The one thing that he can definitely say about wine is that ‘great wine is found by water’. If you look at some of the greatest wine regions across the world, you’ll see what he means. Though it may be a small and not-so-famous body of water, Längsee actually does have an astounding effect on wine production. Georgium’s three hectares of vineyard are arrayed on a slope above the lake, protected by an area of woodland at the top and benefitting from the micro-climate caused by the lake. The water has the ability to balance out temperature and weather extremes – for example, when surrounding areas are just below freezing, land near the lake remains just above. Or if, as when we visited, a sudden hailstorm sweeps Kärnten, the Längsee valley is more likely to just experience heavy rain.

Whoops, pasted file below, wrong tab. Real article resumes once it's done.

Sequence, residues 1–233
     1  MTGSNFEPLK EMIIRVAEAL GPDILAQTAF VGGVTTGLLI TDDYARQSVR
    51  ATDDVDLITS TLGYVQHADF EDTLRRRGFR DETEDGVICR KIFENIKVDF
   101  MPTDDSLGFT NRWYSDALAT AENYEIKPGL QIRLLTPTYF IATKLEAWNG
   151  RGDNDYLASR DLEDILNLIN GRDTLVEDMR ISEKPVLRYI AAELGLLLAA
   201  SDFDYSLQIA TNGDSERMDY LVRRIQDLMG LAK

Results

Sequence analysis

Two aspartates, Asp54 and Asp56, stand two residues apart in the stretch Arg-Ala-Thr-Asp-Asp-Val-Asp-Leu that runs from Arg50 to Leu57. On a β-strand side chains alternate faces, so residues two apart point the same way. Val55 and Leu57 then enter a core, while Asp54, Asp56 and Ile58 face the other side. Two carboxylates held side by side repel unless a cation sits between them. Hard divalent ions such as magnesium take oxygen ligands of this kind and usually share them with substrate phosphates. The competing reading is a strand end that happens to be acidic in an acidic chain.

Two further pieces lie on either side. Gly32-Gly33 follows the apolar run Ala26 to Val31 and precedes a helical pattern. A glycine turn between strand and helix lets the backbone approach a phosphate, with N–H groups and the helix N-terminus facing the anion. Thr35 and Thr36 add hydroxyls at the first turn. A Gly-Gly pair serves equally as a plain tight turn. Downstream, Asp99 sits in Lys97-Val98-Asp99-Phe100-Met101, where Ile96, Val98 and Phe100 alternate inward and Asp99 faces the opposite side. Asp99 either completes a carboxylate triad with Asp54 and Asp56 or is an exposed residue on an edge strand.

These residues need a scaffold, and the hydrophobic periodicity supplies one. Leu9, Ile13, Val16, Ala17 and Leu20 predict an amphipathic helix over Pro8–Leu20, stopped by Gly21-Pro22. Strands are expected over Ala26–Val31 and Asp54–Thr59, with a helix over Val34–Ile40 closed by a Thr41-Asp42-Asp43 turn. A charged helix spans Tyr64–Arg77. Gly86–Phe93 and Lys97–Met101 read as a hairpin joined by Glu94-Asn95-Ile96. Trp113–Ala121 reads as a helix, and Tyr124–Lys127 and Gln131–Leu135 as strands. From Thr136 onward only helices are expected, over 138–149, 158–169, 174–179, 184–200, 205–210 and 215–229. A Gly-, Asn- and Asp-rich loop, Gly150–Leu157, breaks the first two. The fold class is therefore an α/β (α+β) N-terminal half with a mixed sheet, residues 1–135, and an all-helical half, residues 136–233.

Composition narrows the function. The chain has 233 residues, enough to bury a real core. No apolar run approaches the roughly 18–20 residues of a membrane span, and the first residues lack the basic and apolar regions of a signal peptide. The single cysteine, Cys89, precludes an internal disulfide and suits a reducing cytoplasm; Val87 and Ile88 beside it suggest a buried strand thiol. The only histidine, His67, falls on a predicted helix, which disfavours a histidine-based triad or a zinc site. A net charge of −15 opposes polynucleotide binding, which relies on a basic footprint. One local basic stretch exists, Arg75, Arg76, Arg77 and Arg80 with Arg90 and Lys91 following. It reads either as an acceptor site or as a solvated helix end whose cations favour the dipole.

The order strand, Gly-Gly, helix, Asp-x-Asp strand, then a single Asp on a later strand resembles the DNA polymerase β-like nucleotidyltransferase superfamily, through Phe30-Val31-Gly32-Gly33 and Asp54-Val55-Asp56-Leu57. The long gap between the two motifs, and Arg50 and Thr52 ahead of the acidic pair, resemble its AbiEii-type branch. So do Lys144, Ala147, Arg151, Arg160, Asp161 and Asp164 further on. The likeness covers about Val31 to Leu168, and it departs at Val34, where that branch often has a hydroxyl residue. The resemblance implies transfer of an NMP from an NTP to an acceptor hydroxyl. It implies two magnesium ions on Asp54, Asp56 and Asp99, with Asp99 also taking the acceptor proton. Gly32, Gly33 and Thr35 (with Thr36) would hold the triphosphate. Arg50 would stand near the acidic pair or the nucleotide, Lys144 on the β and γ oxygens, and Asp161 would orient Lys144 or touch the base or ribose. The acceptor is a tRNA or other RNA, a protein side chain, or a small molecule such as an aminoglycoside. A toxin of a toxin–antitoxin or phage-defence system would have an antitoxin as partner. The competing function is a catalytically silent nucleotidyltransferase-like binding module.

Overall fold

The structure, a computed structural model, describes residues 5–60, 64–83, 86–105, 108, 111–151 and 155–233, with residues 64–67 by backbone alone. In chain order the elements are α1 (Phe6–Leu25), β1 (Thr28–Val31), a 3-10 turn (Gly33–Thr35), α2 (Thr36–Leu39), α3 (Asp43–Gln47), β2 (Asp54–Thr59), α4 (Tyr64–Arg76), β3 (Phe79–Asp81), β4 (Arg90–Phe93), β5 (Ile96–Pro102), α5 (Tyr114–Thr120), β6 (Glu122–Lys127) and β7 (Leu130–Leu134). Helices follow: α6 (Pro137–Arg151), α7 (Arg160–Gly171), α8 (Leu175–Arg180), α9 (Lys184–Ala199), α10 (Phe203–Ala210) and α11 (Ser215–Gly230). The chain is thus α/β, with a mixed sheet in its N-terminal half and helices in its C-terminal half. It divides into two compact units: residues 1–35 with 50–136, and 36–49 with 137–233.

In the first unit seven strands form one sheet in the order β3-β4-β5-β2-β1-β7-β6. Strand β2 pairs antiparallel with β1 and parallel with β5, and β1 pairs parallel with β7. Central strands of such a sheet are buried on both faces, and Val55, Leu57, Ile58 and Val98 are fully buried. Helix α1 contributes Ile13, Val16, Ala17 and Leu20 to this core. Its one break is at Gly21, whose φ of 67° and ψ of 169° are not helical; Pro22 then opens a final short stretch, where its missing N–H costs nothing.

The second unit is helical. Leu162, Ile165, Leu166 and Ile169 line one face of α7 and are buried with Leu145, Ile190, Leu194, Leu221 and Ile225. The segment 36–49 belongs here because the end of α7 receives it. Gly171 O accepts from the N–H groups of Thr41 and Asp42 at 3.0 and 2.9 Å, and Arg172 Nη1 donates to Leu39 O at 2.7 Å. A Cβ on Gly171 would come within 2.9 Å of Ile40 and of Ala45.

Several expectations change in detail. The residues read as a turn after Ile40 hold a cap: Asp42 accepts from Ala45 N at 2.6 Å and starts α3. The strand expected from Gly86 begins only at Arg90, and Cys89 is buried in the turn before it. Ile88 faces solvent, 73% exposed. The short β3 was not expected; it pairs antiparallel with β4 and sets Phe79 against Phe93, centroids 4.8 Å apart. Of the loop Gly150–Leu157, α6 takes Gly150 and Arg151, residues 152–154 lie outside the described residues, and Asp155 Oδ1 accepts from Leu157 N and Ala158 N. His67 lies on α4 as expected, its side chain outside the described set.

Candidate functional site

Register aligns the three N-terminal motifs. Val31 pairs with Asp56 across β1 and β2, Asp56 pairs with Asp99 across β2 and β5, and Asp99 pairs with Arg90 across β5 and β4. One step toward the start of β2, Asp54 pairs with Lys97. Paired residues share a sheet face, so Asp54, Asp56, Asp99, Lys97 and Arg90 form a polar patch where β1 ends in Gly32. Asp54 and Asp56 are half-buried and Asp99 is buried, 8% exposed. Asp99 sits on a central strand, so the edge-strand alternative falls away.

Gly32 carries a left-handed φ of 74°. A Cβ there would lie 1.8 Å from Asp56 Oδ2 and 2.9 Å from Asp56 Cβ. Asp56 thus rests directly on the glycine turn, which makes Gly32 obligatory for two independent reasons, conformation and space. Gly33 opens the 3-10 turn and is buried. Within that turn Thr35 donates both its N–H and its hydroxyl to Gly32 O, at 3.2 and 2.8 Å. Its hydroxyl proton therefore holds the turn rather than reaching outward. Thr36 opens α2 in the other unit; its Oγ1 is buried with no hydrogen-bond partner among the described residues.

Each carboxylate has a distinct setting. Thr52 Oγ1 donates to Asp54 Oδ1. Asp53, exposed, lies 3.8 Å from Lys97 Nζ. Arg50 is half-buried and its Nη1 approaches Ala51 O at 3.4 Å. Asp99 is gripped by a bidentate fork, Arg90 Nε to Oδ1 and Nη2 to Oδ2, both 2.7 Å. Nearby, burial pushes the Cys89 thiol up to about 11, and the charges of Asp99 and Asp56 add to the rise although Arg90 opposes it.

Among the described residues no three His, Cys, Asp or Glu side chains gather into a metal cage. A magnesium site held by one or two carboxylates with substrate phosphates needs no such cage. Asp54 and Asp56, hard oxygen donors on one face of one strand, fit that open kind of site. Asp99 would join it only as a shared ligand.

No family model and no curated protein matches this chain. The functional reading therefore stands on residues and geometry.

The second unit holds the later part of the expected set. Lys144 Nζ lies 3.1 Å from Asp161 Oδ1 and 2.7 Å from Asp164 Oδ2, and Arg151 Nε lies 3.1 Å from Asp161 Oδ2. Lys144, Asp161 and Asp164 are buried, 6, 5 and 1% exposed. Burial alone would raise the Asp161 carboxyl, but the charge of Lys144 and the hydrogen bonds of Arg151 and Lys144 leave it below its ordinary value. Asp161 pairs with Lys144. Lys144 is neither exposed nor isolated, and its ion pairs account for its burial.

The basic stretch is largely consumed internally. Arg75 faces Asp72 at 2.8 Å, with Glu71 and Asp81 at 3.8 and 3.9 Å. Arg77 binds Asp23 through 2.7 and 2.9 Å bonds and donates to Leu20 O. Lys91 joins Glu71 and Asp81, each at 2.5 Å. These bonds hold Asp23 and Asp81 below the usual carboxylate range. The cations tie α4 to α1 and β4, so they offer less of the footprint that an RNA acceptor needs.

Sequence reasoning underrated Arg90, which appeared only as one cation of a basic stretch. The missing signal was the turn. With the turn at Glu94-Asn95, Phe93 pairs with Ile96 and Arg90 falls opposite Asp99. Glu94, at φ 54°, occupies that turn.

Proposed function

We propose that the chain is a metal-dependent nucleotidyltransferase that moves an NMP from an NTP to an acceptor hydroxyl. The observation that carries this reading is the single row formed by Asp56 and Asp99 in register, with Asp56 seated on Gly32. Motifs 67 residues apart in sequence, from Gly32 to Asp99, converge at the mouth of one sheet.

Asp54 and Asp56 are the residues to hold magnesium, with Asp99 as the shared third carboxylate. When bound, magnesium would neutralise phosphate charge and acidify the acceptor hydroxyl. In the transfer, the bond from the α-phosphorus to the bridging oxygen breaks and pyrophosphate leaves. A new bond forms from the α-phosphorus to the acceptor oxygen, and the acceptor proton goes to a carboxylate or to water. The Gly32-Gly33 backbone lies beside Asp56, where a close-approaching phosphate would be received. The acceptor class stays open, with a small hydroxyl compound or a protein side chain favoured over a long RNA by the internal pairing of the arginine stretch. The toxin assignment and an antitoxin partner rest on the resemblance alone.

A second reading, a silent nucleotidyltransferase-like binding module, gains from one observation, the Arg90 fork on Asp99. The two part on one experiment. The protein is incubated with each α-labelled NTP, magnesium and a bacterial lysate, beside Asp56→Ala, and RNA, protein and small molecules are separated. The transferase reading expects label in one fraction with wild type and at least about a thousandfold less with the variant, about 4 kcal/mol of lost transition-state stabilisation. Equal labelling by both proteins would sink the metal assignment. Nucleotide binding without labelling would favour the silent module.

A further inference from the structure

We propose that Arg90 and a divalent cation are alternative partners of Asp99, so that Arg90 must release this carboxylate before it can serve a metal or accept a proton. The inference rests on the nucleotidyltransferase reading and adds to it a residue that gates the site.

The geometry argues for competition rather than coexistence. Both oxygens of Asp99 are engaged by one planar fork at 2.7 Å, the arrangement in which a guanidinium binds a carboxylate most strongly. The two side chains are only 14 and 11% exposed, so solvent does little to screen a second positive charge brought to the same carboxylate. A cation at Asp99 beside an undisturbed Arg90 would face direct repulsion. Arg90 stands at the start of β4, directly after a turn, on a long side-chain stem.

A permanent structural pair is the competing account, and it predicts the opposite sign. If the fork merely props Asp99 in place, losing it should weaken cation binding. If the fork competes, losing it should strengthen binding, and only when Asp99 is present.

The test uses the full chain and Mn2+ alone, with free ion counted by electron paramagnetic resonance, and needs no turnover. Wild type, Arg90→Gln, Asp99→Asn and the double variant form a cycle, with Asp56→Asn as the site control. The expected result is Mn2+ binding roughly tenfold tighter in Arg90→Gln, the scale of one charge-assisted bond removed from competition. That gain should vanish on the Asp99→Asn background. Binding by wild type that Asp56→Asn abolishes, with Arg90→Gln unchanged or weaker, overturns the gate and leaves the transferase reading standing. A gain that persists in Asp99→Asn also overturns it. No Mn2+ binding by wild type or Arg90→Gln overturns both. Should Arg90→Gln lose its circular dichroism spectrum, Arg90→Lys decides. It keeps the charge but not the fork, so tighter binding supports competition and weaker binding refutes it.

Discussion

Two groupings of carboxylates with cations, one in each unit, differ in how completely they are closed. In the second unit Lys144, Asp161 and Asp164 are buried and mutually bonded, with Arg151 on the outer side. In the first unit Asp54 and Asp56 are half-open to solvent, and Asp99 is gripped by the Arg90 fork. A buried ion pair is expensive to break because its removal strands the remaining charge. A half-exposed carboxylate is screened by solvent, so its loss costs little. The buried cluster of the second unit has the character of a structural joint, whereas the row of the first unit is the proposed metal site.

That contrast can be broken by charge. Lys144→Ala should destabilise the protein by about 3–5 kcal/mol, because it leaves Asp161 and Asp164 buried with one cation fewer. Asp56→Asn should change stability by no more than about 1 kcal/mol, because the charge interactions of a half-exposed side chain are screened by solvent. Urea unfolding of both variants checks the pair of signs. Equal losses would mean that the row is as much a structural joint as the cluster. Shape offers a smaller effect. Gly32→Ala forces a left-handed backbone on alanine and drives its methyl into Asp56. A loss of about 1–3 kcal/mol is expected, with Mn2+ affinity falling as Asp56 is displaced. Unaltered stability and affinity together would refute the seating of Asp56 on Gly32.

Of course it doesn’t always work like this. Disaster struck in autumn 2016, leaving Marcus and Uta with a grape harvest of exactly zero. Not ones to be deterred by a setback of this sort, they turned to Kärnten’s fruit orchards and came up with ‘Höpfel’, a hopped apple cider, and ‘Speckbirnenschaumwein’ – or, in English, ‘bacon pear sparkling wine’. Confused? The explanation that the bacon pear is so named because its shiny skin looks like it has been smeared with bacon fat didn’t really help us much. But what we can say is that this delicate sparkler has an incredibly smoky note, both in the nose and on the palate. It’s a delicious contrast to the fruitiness of the wine and makes this accidental creation an outstandingly unusual aperitif.